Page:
It is the function of jurisdiction in the Church to make ecclesial love workable and efficient by defining the field in which it has to operate, by providing means of communication and by attempting to remove obstacles to its exercise. It does this because this Christian form of love is an instrument of the Holy Spirit. The epi=centre of this activity is the Eucharist in which the sacrifice of Christ´s self=giving love for the Father and for us transforms the Church into the Body of Christ and thus into a sharer in his self=giving.

Clearly the liberal group look for their ecumenical allies in the Anglican Communion which was by law established, and whose liturgy, for all its beauty, is the classic example of the power of law over Tradition. The Anglican Church is being true to itself when it accepts that a vote in Synod has the authority to modify the constant and universal liturgical practice of the Catholic Church. In contrast, Pope Benedict holds strongly that the Catholic Church would be untrue to itself if it followed the same road. He denies he has the authority to do so; and he denies thathe has the authority to simply abolish the pre=vatican II Mass. That the Anglican Church and the Catholic Church have taken different paths is because they are different. Hence, before the question of women bishops and priests is resolved, there is a more basic question. Is the Church a divine=human entity as body of Christ, moulded by the Spirit and accepted as given by the faithful, including the Pope and bishops; or is its organization completely subject to human control and human law, exercised in Christ´s name by the competent authorities? "He that hears you hears me" will be interpreted as a legal statement by one group and as a sacramental and liturgical truth by the other. The legalistic tradition has a long history in the West, and it is this that the Pope is saying is not sufficiently profound. If you hold the liberal position, you will become closer to the Anglicans. If you hold the Pope´s position you will be closer to the Orthodox and Oriental Churches and to the Church Fathers. One thing is certain: you cannot answer the problem of women priests or the problem of the old Tridentine Mass in isolation from the deeper question.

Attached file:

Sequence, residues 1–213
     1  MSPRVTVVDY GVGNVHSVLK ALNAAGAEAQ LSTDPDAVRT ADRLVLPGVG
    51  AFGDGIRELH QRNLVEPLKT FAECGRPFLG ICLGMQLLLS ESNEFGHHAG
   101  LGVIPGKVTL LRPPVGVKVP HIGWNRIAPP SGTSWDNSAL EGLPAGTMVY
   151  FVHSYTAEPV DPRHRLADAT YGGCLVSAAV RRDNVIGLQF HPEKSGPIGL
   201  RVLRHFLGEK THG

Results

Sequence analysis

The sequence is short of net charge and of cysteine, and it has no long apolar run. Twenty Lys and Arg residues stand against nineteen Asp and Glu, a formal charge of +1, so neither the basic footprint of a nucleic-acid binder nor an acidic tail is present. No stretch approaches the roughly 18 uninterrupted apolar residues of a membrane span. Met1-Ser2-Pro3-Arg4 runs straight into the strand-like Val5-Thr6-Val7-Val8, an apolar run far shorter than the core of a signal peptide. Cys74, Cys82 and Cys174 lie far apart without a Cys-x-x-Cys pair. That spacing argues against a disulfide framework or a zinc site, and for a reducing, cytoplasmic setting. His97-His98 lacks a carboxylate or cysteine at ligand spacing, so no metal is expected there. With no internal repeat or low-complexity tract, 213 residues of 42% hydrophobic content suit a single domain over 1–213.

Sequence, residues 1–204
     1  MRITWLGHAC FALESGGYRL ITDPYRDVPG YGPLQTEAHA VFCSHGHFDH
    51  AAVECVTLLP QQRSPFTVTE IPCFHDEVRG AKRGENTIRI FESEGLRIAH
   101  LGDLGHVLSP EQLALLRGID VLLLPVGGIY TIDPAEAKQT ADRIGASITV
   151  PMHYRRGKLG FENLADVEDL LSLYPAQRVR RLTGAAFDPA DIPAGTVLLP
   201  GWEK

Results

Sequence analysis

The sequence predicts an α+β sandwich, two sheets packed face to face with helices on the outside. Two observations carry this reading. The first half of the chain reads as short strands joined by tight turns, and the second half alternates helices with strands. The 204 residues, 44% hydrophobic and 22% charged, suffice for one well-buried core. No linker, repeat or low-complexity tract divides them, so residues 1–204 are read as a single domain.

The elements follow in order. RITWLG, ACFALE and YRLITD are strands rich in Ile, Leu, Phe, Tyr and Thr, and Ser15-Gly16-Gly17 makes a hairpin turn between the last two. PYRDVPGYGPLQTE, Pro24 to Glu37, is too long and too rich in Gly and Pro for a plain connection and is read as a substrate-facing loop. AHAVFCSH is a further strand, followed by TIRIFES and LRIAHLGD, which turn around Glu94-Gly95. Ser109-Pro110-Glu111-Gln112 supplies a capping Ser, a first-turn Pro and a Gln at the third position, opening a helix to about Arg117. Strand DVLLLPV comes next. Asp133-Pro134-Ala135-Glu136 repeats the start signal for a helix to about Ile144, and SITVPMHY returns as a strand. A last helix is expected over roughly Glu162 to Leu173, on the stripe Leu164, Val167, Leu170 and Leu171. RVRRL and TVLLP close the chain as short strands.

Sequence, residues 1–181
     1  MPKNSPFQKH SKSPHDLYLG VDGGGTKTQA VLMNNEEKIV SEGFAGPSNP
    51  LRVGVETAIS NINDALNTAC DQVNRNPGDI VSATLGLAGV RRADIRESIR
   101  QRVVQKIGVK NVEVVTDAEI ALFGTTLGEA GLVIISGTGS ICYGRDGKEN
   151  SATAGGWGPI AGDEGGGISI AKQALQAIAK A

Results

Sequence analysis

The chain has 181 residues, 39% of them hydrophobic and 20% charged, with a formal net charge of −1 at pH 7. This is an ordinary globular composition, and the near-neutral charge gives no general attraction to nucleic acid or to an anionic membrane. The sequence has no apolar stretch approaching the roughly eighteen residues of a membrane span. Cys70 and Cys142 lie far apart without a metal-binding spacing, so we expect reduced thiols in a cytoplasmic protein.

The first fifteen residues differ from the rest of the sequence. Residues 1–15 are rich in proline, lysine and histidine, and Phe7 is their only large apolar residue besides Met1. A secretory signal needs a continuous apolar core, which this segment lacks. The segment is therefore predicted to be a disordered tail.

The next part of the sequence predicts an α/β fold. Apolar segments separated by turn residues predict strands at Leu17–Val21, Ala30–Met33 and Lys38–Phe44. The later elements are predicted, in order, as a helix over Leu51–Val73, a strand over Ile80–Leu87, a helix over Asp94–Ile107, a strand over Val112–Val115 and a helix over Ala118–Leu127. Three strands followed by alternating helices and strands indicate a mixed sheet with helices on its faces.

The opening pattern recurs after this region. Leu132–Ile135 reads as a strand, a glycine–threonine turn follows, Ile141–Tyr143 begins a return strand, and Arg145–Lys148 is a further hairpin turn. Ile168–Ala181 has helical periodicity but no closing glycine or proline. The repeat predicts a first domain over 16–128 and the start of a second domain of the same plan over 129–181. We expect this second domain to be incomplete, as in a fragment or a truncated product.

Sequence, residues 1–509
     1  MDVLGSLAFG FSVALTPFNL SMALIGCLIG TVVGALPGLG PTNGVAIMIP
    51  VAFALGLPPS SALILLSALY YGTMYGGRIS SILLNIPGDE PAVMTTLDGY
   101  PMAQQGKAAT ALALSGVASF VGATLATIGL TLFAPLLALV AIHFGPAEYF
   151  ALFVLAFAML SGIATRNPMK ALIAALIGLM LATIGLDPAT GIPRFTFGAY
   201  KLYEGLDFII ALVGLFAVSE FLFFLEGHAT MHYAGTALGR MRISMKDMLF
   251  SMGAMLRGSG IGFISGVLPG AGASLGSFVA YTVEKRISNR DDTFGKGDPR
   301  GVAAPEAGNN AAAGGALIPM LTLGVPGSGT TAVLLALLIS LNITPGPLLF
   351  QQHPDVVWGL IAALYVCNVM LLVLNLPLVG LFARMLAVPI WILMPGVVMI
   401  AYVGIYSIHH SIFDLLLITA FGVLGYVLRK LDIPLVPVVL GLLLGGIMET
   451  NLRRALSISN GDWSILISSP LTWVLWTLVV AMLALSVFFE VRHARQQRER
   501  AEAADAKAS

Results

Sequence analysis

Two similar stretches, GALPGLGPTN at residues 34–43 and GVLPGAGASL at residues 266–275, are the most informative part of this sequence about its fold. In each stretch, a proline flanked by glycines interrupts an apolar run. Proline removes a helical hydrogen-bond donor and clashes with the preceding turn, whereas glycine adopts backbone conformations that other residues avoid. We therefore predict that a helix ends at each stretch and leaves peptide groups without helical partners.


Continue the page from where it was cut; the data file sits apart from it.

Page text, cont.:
Actually, conservatives and liberals share the same pre=suppositions. Has it occurred to you that those who advocate defining as a dogma "mary, Mediatrix of All Graces" and those who wish the Pope to abolish the old Mass have the same basic attitude towards the Papacy. Both believe that a simple papal signature will solve their problems. Those in favour of law over liturgy are not impressed by the fact thatthe doctrine of the mediation of Mary is celebrated in the liturgy, even though it is in the liturgy that the truth finds its place in giving glory to God. Their grasp of the liturgy as fruit of the synergy betyween the Spirit and the Church is weak, nor do they give sufficient notice to the organic relationship between truths of the faith. While some truths have to be believed in order for someone to take part meaningfully in Christian worship; but there are others which become known only through participation in Catholic worship. It is a mischief to turn one of the second group of truths into a compulsary belief, because this makes it impossible for people to discover these truths by participating in Catholic liturgy